Saturday Mail Delivery Threatened Again

post-office-delivery-trucksIn what seems an annual exercise, the Postal Service is complaining about resources and proposing to end Saturday mail service.

Customers are continuing to migrate to the Internet and to cheaper standard-mail options, and away from the Postal Service’s signature product — first-class mail, Postmaster General John E. Potter will report in announcing the projections.

The Postal Service experienced a 13 percent drop in mail volume last fiscal year, more than double any previous decline, and lost $3.8 billion. The projections anticipate steeper drops in mail volume and revenue over the next 10 years, and mounting labor costs only complicate the agency’s path to firm fiscal footing.

In an effort to offset some of the losses, Potter seeks more flexibility in the coming year to set delivery schedules, prices and labor costs. The changes could mean an end to Saturday deliveries, longer delivery times for letters and packages, higher postage-stamp prices that exceed the rate of inflation, and the potential for future layoffs.
The U.S. Postal Service will release projections Tuesday that confirm for the first time the suspicion that mail volume will never return to pre-recession levels. In response, the agency is pushing anew for a dramatic reshaping of how Americans get and send their letters and packages.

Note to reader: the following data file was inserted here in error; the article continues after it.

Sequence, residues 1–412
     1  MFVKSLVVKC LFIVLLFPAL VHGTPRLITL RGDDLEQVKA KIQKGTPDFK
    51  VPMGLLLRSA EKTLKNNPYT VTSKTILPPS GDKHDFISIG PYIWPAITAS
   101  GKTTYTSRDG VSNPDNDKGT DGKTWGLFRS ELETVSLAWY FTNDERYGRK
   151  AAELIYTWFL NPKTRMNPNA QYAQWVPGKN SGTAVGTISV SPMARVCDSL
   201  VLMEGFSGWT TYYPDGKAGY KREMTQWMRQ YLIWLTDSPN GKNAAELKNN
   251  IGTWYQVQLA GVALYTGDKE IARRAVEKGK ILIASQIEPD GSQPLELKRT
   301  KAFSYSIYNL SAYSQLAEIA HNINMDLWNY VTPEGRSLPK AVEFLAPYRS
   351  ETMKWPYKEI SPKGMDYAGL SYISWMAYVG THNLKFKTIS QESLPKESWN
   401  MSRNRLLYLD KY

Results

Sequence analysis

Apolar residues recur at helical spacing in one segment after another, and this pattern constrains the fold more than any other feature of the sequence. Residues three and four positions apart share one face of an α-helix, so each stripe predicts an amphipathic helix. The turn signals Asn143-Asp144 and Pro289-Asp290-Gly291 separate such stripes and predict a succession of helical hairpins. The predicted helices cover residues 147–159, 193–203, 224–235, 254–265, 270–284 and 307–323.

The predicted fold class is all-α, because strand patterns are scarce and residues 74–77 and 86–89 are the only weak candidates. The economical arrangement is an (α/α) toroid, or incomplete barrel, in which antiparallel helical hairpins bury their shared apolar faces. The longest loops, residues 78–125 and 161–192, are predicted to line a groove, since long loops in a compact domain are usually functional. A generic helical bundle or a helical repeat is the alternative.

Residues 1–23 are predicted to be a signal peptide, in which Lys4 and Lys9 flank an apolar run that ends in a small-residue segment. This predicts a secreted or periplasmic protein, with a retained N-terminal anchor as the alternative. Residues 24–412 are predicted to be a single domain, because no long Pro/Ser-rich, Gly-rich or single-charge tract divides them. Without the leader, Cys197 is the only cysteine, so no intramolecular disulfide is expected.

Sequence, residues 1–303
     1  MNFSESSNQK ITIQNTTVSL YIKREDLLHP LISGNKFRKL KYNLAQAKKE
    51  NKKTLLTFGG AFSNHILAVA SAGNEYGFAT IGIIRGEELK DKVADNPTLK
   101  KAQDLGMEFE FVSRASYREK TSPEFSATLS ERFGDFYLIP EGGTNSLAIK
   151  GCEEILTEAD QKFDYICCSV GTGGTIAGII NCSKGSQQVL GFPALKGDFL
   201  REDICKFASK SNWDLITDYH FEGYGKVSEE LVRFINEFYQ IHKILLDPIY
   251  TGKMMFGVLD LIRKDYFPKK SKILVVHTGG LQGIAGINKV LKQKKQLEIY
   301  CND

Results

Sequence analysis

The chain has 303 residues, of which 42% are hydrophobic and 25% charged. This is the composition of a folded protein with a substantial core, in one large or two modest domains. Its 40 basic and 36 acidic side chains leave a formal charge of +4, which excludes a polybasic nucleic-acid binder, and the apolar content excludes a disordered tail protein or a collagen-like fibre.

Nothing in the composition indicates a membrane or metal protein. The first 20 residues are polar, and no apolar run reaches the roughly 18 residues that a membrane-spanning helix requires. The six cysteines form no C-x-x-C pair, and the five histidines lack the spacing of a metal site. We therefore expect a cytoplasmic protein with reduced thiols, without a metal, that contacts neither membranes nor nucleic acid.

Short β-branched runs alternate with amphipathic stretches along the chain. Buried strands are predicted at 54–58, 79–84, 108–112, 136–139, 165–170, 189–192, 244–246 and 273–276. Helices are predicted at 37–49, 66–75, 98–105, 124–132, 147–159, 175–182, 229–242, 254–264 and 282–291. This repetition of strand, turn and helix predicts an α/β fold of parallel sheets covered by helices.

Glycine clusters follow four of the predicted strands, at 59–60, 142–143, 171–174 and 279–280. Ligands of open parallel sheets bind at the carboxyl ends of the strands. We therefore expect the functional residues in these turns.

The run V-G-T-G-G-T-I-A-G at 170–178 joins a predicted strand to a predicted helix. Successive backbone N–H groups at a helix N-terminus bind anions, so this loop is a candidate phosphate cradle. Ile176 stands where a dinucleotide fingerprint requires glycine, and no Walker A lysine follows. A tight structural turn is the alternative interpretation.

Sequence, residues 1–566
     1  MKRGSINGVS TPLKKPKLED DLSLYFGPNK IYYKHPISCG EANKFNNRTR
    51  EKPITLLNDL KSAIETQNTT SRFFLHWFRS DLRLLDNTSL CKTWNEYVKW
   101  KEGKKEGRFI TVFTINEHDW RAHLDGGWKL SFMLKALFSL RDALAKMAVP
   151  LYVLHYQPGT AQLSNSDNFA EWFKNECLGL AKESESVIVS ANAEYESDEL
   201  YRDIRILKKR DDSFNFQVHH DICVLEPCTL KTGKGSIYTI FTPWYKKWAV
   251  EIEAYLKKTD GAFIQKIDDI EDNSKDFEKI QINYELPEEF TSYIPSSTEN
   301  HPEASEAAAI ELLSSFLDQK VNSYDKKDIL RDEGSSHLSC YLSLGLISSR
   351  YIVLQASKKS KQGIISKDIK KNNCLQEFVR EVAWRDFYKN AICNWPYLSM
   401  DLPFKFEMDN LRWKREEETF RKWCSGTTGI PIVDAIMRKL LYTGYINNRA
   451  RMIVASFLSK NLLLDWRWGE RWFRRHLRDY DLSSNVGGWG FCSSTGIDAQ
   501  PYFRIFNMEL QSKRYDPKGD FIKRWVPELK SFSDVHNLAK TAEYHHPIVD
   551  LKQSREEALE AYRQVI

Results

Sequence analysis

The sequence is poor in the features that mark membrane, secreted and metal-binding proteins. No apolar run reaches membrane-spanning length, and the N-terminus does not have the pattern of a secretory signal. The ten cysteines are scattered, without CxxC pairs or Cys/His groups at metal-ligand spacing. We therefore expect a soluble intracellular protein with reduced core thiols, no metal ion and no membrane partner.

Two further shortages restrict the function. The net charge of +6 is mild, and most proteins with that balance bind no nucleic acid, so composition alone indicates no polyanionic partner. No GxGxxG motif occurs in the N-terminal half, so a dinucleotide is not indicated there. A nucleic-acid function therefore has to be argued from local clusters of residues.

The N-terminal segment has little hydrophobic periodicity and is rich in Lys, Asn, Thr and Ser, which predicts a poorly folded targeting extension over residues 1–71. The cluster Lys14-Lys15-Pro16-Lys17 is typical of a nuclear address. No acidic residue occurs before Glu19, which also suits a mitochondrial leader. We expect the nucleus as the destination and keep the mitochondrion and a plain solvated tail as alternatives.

The irony of course is that people are increasingly accepting of the possibility of losing Saturday mail delivery precisely because of the obsolescence of regular mail.  That is, if you absolutely, positively need it overnight, you don’t mail it.  So, for the most part, all that comes on Saturday is junk mail and sundry other crap that can wait for Monday.

Potter has a more fundamental problem, in that what remains of his “business” is what used to be its loss leader. First Class mail was highly subsidized by package delivery and other functions that are increasingly performed by private competitors or by the Internet, facsimile, and other technologies.  While a First Class stamp may well cover the cost of sending your check to the cable company across town, it’s ludicrously cheap for sending something from small town Georgia to small town Alaska.

FILED UNDER: Economics and Business, , , ,
James Joyner
About James Joyner
James Joyner is Professor and Department Head of Security Studies at Marine Corps University's Command and Staff College. He's a former Army officer and Desert Storm veteran. Views expressed here are his own. Follow James on Twitter @DrJJoyner.


  1. yetanotherjohn says:

    You know, if you keep raising the price of stamps, reducing service and keep the long lines at the post office, you eventually can break even. When you get down to 0 customers. The post office doesn’t seem to understand they are in competition for customers. They are like the MSM noting their customers are going away, but haven’t made the leap to the need to be relevant.

  2. 11B40 says:


    I remain a willing and satified customer of the US Postal Service, but, after years and years of financial failures, I have a hard time believing that doing away with just Saturday delivery is a viable solution.